Means to an end: The BBC’s anti-Elon Musk campaign

David Sedgwick

David Sedgwick is an author and academic whose latest book ‘Is That True Or Did You Hear It On The BBC?’ has recently been released in audiobook format. Click Here

Since his acquisition of Twitter, Elon Musk has been a very busy CEO indeed. From blue-tick accounts, shadow bans and partisan political censorship, the billionaire Tesla founder has completely revamped the social media platform, transforming it from a place of establishment conformity to a place where that conformity is (theoretically) open to challenge.

But not everybody is enthused with Twitter’s drive towards equality and empowerment; not everybody welcomes a situation whereby ordinary citizens are able to directly challenge power without fear of sanction. Though accountability is the foundation of a healthy, functioning democracy there are certain actors seemingly affronted by the social media company’s direction of travel under Musk.

The mainstream media for one is incensed. Viewers and listeners to recent BBC output will be all too familiar with the incessant anti-Musk content. Hardly a day goes by where the impartial broadcaster is not attempting to undermine Musk one way or another; if it’s not describing the ‘chaos’ at Twitter, then it’s gleefully reporting falls in Tesla stock. One BBC report feigned horror at the news that Twitter actually provides facilities for late-working employees!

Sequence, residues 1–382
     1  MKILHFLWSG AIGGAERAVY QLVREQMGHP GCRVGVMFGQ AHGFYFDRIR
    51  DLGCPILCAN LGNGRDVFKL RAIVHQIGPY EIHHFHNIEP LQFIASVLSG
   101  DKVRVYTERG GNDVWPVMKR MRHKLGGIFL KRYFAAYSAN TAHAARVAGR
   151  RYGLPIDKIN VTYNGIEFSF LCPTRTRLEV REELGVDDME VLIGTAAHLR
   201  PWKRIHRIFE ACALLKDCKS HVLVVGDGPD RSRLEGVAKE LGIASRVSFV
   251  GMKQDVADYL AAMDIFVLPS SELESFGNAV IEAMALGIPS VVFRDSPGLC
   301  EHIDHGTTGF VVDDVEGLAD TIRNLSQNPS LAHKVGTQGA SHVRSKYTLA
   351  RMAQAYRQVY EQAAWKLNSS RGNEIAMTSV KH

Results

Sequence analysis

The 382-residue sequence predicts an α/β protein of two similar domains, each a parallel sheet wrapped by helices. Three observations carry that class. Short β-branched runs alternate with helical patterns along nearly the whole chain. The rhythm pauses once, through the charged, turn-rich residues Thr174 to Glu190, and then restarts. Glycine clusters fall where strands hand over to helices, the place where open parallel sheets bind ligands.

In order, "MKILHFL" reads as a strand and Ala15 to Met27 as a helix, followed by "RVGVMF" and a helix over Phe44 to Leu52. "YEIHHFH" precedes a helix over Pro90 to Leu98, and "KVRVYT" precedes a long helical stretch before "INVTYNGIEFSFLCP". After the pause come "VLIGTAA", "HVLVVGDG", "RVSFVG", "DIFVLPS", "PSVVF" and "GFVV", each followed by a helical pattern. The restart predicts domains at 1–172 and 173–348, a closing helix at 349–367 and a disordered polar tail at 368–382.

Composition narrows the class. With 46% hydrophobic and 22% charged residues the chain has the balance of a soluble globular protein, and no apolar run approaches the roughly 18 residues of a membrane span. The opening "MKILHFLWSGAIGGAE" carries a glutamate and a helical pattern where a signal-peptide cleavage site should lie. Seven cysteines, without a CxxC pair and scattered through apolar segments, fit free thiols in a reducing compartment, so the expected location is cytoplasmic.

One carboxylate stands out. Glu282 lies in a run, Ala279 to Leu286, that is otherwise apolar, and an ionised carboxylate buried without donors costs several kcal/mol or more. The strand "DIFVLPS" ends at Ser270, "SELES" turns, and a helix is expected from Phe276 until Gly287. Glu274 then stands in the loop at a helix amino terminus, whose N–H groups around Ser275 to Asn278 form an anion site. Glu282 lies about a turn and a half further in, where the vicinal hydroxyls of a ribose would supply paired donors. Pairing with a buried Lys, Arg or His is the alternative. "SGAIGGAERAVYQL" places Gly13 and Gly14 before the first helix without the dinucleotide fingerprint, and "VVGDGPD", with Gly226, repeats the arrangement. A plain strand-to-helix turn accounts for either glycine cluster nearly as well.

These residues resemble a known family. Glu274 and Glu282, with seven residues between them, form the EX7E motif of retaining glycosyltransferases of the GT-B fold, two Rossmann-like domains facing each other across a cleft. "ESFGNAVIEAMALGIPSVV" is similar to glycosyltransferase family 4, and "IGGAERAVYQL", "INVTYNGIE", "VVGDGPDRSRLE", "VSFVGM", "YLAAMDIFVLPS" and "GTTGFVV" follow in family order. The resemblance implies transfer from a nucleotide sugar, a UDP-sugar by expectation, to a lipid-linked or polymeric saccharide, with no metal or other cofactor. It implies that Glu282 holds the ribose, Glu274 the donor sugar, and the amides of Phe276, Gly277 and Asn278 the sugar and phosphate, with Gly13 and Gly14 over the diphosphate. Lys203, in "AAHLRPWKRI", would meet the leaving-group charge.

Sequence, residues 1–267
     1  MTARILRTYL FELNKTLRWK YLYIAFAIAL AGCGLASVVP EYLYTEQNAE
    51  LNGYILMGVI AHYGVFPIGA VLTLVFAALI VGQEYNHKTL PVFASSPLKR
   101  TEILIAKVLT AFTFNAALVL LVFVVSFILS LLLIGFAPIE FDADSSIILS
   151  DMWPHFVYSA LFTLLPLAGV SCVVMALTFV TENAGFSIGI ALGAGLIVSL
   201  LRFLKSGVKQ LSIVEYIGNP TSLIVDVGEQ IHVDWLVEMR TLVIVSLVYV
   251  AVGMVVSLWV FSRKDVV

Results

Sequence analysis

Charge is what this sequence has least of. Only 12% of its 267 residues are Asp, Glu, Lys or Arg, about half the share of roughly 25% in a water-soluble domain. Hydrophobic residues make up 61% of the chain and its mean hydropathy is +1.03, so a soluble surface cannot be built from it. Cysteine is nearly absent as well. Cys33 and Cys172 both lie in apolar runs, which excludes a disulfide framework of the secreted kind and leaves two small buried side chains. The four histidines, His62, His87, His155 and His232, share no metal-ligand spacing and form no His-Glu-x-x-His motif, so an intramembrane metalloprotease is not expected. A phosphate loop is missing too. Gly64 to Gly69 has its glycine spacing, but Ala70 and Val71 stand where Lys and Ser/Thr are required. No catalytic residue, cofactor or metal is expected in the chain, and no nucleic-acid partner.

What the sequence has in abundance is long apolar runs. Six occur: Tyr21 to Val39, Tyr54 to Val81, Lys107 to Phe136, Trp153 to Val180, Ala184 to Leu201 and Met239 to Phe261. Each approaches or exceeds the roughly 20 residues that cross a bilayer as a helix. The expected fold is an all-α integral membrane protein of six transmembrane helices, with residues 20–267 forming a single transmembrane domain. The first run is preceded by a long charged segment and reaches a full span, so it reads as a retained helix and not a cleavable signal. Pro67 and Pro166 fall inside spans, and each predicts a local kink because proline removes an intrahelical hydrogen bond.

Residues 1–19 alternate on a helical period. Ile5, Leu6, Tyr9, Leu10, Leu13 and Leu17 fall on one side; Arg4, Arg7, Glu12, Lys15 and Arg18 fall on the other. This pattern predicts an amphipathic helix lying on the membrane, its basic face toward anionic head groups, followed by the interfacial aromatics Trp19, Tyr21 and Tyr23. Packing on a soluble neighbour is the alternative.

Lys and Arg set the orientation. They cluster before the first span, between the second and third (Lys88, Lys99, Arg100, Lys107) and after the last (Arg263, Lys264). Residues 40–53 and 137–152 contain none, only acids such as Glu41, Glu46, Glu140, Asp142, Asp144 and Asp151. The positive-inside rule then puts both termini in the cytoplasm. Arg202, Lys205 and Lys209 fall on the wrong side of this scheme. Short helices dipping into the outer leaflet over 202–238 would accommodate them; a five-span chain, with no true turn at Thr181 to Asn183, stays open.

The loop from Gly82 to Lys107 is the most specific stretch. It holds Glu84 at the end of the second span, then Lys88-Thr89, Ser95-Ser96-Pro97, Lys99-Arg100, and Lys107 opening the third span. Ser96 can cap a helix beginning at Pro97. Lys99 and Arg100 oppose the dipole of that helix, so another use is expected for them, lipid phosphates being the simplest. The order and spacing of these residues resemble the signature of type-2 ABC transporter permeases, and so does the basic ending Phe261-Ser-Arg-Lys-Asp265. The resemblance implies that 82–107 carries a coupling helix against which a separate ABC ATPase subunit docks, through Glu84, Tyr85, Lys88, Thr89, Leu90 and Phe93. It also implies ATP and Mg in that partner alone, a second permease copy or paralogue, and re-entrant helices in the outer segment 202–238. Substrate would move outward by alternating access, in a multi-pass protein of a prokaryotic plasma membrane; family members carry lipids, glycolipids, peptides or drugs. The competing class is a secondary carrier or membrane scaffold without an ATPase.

While the broadcaster’s anti-Musk campaign has become a fact of life for BBC consumers, those same consumers may not fully appreciate the rationale which underpins it. BBC attempts to topple wrong-thinking presidents, and now CEOs, don’t happen by chance; they are always part of a wider agenda. What better way to ensure the architects and beneficiaries of these agendas avoid scrutiny than by restricting what can and cannot be said in the public forum? What better way than to control social media platforms like Twitter – a place open to all irrespective of wealth or status.

Elon Musk’s utopian vision of a politically neutral social media platform could never favour the corporate-political elite in the way of old Twitter, silencing and deplatforming as was its predilection those daring to criticise the status quo, mainly, but not exclusively, the political right. Musk’s aspirational Twitter therefore represents an existential threat to the prevailing liberal-left orthodoxy – albeit a perceived threat. And that simply won’t do.

For it is precisely the interests of this same group of woke corporate-political powerbrokers which are aggressively promoted and defended by, amongst others, the BBC and its mainstream allies. Other establishment defenders include The Washington Post. The Jeff Bezos owned publication’s deep connections to the CIA, US State Department et al are hardly a secret. Like its ideological counterparts at Broadcasting House the Post’s role as purveyor of establishment-state propaganda is similarly not in doubt, nor ever has been.

The playbooks of the Post and BBC are indeed eerily similar, their political biases identical. Both organisations duly have their own ‘fact-checking’ arms. Now it goes without saying that the job of the modern fact-checker resides not in establishing veracity, but rather promoting establishment consensus, to enable those who wield power to always have the last word. For fact-checker read gas-lighter.